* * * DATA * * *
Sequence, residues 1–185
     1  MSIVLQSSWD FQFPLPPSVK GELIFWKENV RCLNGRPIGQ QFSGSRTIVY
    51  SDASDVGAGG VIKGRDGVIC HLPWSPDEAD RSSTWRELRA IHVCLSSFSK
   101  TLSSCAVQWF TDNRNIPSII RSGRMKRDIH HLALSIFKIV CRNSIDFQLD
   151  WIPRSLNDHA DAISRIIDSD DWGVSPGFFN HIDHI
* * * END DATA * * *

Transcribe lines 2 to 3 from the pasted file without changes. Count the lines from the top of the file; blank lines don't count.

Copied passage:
     1  MSIVLQSSWD FQFPLPPSVK GELIFWKENV RCLNGRPIGQ QFSGSRTIVY
    51  SDASDVGAGG VIKGRDGVIC HLPWSPDEAD RSSTWRELRA IHVCLSSFSK